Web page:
Jason Todd finally gets the origin he deserves in Batman: White Knight #7
Batman: White Knight #7 is out today, and with it comes the most interesting development in writer/artist Sean Murphy's limited Dark Knight saga. That's no small claim for a series that has given us a Joker-gone-sane, two Harleys, and purported ties between the Waynes and the Third Reich. An explanation is in order, and I'll give it, but, suffice it to say, I will be talking about a significant detail from White Knight #7, so if you're planning on reading it and don't want to be spoiled, turn back now.
Any time there's a fresh, out-of-continuity take on Batman, it's fun to wait and see what—if anything—makes its way into the main stories. While these takes typically live in their own sandboxes and explore things that just wouldn't fly in an ongoing series, they often speak back into the "real thing" with a clarity that can only be attained without the shackles of continuity.
If you're a Batman fan, then you know the basics of the Jason Todd story: a troubled kid becomes Robin, has a hard time following orders, and ends up dead at the hands of the Joker. Batman tortures himself—and the criminal element—until Jason one day returns, now the vengeful, lethal Red Hood. The details sometimes shift in the telling, but since the idea of Jason-as-Red-Hood first emerged, the basics have been the same: Jason feels wounded by Bruce's failure to make the Joker answer for his death, so he goes a bit nuts and makes Batman's life really difficult for a while.
Honestly, I've always felt that Jason came off as a whiny jerk—not across the board, but in the telling and retelling of his origin. After seeing characters like the Joker, Two-Face and the like, up-close, for years; and likewise seeing Batman refuse to kill them in retaliation for their crimes, Jason's indignation makes him seem like an entitled brat. That Bruce being Bruce would make him take on such a vengeful persona—it just doesn't resonate with me, and so I've always had a hard time taking him seriously. Some of the tie-in comics for 2015's Arkham Knight gave Jason a more relatable psychology, but the core problems remained for me.
Enter Sean Murphy's Batman: White Knight. As in the main continuity, Batman has had to carry the weight of Jason's death with him for many years. There is a fairly significant change mentioned early on—that Jason was actually the first Robin, and that Dick came later—but other than that, the little bit that we know squares up with prior stories: Jason fell into the hands of the Joker, who beat and tortured him before finally ending his life.
Or did he?
Here's where things get interesting. It turns out that, in the Murphyverse, Jason Todd did not die at the hands of the Joker. He was beaten and tortured, yes, but the Joker ultimately left him alive. Before parting ways, Joker got Batman's true identity out of the broken young Robin, who cursed the day he met Bruce Wayne and ran off into the world to disappear. Why would the Joker let him go? According to Napier, it was so that Batman would "feel the trauma of Jason's death, and...suffer even more when [he] learned the truth...that Jason Todd hated [Batman] so much that he made [Batman] think he was dead." Earlier, Napier explains that Jason stayed away from Bruce "because he was broken, not only by the Joker...but by [Batman], for making him into Robin in the first place."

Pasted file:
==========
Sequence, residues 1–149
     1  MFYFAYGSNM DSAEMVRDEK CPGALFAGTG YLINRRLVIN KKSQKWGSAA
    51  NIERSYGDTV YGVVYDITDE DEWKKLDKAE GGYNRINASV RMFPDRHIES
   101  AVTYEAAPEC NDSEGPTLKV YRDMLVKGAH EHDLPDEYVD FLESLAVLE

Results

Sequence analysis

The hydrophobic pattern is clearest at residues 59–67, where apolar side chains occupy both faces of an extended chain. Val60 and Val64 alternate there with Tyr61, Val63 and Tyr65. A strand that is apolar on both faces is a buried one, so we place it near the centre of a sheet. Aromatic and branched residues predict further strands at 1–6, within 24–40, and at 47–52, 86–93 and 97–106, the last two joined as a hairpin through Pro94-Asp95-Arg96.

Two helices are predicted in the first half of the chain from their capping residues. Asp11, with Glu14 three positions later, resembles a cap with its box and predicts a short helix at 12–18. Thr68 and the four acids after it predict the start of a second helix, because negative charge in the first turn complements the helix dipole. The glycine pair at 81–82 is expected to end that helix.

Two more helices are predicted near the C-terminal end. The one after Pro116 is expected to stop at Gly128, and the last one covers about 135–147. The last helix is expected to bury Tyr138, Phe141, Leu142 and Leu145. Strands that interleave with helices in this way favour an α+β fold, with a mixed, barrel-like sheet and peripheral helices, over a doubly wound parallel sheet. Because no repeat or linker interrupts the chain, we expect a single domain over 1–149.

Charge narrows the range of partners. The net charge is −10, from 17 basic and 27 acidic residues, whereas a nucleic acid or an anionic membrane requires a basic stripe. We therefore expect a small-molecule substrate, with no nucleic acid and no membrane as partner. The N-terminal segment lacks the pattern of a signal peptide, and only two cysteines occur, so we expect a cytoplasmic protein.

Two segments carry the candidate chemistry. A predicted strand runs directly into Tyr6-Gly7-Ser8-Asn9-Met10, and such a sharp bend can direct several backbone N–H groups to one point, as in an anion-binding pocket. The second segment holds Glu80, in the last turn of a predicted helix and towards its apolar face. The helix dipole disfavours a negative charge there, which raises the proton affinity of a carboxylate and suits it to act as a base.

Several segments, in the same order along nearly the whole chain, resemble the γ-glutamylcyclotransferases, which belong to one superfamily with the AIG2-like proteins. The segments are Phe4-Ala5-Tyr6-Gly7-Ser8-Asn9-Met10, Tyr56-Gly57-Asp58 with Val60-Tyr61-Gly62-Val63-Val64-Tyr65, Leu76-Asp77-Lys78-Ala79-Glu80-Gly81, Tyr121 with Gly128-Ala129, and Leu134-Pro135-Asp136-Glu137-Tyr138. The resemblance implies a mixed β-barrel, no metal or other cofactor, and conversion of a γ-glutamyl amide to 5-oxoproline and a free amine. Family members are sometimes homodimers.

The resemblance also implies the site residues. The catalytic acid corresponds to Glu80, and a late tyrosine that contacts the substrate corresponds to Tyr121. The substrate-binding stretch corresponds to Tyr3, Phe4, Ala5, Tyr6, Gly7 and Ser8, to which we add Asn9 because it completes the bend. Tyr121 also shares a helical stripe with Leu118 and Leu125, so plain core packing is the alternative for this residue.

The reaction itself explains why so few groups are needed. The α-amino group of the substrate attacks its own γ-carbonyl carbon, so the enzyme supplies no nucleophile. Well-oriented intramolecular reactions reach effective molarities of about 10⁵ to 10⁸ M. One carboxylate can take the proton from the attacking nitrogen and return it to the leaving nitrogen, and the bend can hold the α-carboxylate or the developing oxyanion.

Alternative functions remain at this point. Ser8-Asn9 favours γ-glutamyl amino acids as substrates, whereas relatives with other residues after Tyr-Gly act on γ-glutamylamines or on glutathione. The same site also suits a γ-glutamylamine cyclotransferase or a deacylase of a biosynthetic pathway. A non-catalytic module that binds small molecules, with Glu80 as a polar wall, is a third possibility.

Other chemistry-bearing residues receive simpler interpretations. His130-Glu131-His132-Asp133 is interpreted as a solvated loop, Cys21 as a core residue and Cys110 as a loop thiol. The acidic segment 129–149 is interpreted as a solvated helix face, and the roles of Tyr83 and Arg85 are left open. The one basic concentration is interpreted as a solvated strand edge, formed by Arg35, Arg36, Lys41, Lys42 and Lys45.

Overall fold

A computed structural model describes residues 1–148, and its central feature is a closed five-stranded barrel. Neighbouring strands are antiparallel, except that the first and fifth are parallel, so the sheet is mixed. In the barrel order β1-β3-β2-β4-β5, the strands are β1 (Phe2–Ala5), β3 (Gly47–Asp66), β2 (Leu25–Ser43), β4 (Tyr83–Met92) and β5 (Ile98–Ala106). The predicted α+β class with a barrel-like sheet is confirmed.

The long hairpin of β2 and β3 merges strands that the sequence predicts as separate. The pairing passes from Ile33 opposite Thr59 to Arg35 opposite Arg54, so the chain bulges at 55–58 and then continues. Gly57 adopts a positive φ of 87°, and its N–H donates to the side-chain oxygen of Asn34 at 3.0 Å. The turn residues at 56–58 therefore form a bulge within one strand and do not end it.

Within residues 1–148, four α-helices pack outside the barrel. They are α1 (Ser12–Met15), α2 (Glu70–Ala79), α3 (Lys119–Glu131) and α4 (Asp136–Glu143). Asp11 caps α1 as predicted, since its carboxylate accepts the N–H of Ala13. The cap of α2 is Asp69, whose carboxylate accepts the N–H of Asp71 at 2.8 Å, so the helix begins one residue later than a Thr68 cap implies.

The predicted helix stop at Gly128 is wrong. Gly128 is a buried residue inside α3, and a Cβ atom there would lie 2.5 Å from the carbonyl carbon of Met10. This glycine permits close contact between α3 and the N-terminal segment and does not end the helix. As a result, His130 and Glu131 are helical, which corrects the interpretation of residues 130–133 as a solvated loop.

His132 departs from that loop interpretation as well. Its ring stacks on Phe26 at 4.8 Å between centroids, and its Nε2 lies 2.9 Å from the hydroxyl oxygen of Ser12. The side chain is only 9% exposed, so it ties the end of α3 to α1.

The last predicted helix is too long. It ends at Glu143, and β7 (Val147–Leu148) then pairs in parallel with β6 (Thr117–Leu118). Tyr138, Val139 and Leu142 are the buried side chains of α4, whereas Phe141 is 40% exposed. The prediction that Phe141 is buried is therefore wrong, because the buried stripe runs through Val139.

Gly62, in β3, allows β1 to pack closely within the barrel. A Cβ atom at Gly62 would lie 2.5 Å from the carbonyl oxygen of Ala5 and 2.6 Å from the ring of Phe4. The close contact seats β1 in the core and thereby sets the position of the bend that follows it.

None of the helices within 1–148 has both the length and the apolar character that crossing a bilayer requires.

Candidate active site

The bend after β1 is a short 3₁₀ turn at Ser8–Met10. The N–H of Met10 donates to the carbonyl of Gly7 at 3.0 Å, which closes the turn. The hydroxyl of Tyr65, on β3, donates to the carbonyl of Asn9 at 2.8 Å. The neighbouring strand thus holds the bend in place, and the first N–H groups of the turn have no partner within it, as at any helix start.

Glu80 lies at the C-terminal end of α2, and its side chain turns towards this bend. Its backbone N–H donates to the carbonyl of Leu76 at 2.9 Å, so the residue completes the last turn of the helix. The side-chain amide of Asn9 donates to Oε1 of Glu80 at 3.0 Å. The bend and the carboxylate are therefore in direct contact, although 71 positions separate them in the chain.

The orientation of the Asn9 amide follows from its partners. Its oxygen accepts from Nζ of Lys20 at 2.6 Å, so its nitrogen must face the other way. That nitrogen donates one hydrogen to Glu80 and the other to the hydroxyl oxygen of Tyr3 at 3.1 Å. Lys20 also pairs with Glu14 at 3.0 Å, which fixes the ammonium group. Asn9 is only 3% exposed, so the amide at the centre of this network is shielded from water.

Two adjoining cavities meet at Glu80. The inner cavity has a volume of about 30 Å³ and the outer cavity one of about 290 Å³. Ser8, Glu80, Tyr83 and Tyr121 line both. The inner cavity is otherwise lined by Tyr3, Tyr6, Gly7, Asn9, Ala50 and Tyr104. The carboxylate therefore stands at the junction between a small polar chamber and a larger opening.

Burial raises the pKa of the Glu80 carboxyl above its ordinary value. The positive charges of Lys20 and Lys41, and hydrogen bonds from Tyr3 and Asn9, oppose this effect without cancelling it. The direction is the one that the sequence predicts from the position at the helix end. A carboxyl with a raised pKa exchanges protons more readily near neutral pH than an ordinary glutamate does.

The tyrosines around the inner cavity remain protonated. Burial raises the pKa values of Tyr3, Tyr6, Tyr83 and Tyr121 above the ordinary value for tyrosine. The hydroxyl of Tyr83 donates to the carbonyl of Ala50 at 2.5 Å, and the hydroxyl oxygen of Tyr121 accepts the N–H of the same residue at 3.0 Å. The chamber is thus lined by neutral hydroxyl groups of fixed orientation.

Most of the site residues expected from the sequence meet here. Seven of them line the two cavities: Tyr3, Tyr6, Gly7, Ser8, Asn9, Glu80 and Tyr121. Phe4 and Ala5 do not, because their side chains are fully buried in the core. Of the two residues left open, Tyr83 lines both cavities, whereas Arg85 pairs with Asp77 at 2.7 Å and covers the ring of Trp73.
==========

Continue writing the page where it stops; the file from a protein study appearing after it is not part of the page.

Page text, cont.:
In my mind, this is masterful character work by Murphy—fixing a character who has been broken for quite some time. Jason's entitled indignation always seemed like it was developed long after the idea of him becoming the Red Hood—as though someone pitched Jason Todd's return as a new, consolidating crime lord, and the great struggles he would have with the Bat-family, and it was only late in the game that one of the editors asked "why would he do this?" By contrast, Murphy seems to have started with the most fundamental question: how would Jason, broken by the Joker, respond? And his answer is, I think, right on the money: Jason would respond by dissolving his illusions about masked crime-fighting. He would see the absolute lunacy of Bruce putting children in masks and bringing them into battle against the most depraved psychos that walk the earth. Here is a motivation that makes sense. If Jason ever does return to this universe as the Red Hood, Murphy has created fertile ground for justifying that return. It wouldn't have to be about him, or at least not him alone. It could be about a much more profound, philosophical difference—and about setting free those poor souls recruited into Batman's war.
And if this is it—if this is all we'll ever hear or see of Jason Todd in the Murphyverse? I would argue that Jason is still a far more tragic, more sympathetic character here than he has ever been; that a cold shoulder cuts deeper than a blade; and that, for Batman, there are some things worse than a death in the family.